Natural killer receptors (NKRs) and Toll-like receptors (TLRs) are the most important receptor supfamilies in innate immunity and act as first line of host defense against infection or transformed cells. These receptors exert peculiar recognition mechanisms to sense danger signals and distinguish infectious nonself from noninfectious self, and thereafter work as link molecules between innate and adaptive immunity. NK cells are the most important lymphocytes population, recognize infection and tumor at initial, and play a critical role in linking innate immunity with adaptive immunity. In this paper, we highlight the importance of recognition and interaction of those receptors via NK cells. The precise mechanisms can be harnessed to aid the rational design of therapy against infection, inflammation, cancer or autoimmune diseases.
Research and development of biotechnology and drugs
LIU Jing
2008, 38(8): 905-908.
As an example of R & D of Biotechnology and Drugs at USTC, several monoclonal antibodies (Abs) have been prepared for applications in industrial and medicinal applications. The Ab against human α-interferon (IFN) was used to prepare the IFN affinity chromatography gel which can provide efficient means for the manufacture of IFNs. It made this key technique for manufacturing IFNs no longer rely on input. Based on these, Anhui Anke High Biotechnology INC was founded in 1995. One of the Abs against oncoprotein p185erbB-2/HER-2 was developed for the diagnostic reagent of the cancers overexpressing oncoprotein p185 such as breast cancer and ovary cancer. This diagnostic reagent was proved by SFDA in 2004. Another Ab against p185 which can inhibit growth and proliferation of cancers overexpressing p185 is being developed into a therapeutic antibody drug. In addition, the fragments with anti-platelet aggregation activities have been developed for a potential anti-thrombus drug by a pharmaceutical company based on the research of the Labs in our school. More achievements are being made at USTC and will be applyied to biotech industries.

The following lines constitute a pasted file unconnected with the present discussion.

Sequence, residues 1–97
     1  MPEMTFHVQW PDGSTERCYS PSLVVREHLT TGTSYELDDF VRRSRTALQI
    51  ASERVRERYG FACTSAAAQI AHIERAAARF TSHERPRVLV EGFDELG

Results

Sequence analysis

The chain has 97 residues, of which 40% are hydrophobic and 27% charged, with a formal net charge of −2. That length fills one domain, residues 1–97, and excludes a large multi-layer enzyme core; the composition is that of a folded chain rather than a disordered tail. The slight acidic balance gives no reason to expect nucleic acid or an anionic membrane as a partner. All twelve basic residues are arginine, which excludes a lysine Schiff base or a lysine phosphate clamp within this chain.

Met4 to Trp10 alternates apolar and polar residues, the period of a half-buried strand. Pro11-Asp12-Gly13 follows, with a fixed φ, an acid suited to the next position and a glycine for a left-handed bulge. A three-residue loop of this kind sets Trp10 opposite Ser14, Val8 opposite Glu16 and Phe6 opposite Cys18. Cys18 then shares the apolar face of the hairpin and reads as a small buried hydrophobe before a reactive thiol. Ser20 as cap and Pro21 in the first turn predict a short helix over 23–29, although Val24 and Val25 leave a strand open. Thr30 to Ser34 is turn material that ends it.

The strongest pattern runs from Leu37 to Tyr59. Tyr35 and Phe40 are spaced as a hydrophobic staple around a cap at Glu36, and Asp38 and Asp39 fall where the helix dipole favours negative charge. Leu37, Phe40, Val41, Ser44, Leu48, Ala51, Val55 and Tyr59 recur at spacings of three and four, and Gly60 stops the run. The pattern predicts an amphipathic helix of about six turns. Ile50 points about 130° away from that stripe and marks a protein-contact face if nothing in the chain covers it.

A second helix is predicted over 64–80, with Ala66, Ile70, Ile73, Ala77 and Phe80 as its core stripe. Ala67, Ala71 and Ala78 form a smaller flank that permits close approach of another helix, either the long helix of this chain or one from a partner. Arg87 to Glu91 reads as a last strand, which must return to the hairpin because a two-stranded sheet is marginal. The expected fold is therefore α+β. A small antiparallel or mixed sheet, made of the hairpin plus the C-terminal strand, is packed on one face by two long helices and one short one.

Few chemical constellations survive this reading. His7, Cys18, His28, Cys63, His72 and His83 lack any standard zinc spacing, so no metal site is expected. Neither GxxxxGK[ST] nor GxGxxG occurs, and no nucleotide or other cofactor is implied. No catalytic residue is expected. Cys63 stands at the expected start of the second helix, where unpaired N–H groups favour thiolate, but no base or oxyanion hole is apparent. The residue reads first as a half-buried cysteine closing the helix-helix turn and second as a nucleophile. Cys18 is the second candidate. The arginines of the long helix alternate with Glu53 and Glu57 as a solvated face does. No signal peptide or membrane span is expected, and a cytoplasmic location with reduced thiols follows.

Structural biology of some snake venom protein families
NIU Li-wen, TENG Mai-kun, ZHU Zhong-liang, GAO Yong-xiang, ZHANG Ping
2008, 38(8): 909-922.
Following the clues from our groups characteristic investigations of five snake venom protein families, a short review was provided on some research conclusions, current opinions and latest advances from structural biology of snake venom protein families of serine proteases, metalloproteinase, CRISP, phospholipase A2 and neurotoxin as well. This review emphasized the importance of structural biology of snake venom glycoproteins, crystal structures at an ultrahigh resolution and the complex structure related to snake venom proteins in the field of snake venom proteins.
Structural basis for yeast pathway in response to oxidative stress
ZHOU Cong-zhao
2008, 38(8): 923-929.